Vascular Plants of North Carolina
Account for Northern Seaside Goldenrod - Solidago sempervirens   L.
Members of Asteraceae:
Members of Solidago with account distribution info or public map:
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Section 6 » Order Asterales » Family Asteraceae
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DistributionRestricted to the northern Outer Banks, where it reaches its southern range limit. Note that most records of "S. sempervirens" now refer to the recently split out S. mexicana.

Maritime, Newf. to NC.
AbundanceNot well known owing to confusion with the much more widespread S. mexicana. Perhaps rare to uncommon. The other species occurs in all coastal counties and is apparently common in all of them.
HabitatUpper ocean beaches, storm overwash areas, stable dune barrens, interdune swales, upper margins of brackish marshes. Preferred habitats are drier than those of S. mexicana.
PhenologyFlowering and fruiting late August - mid November.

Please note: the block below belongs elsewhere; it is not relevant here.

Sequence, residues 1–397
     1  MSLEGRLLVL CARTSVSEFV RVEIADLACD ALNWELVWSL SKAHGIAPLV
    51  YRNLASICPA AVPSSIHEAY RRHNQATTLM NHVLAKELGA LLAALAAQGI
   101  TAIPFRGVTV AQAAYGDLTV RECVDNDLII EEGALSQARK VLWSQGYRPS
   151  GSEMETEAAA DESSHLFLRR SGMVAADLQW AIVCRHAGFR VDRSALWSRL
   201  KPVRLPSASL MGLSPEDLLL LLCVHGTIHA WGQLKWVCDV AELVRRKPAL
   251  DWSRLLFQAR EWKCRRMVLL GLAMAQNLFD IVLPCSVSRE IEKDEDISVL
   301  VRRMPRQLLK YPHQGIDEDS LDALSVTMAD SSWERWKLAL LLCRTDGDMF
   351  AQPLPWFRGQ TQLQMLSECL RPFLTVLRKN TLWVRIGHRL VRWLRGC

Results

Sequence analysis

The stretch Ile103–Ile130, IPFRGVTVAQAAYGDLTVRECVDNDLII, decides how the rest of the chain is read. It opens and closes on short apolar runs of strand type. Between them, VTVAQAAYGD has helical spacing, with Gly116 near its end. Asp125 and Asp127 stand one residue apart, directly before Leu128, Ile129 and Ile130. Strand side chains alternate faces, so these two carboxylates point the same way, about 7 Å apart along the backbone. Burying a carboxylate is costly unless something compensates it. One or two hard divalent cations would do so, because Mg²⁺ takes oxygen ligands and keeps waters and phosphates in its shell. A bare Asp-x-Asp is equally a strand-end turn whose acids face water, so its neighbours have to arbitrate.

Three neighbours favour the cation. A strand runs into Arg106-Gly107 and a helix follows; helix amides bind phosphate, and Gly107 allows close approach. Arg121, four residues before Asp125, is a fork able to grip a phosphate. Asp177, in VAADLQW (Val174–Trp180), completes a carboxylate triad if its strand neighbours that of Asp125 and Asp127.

IdentificationThis species grows mostly 2-4 feet tall, often several stems in a bunch; stems vary from prostrate to rather erect. Stems and leaves are glabrous and thick-textured. Leaves are lance-shape, untoothed, succulent (fleshy to the touch), taper-pointed; middle and upper ones are strongly ascending to erect, while lower ones may be somewhat spreading. The inflorescence has short-spreading branches (i.e., generally compact) and heads grow only on one side of each branch. It is distinguished from its close relative S. mexicana by its less erect habit, more succulent foliage, short-spreading inflorescence branches, and drier and sandier habitat preference. Weakley (2018) also says that this species has 12-17 rays per flower, as opposed to only 7-11 rays in S. mexicana; and this species has its larger leaves more than 3 cm wide, as opposed to less than 3 cm wide in the other species. The Outer Banks lie in the zone of overlap and occasional plants are difficult to tell apart.
Taxonomic CommentsTreated by some authors as including S. mexicana as a variety or subspecies.

Other Common Name(s)Almost always called just Seaside Goldenrod, but that is for the combined two coastal species. With the splitting out of S. mexicana as Southern Seaside Goldenrod, this species must instead be named as Northern Seaside Goldenrod or something similar to that.
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B.A. SorrieDare County, 2013, Jockeys Ridge SP, low dune. DareBIUPhoto_natural
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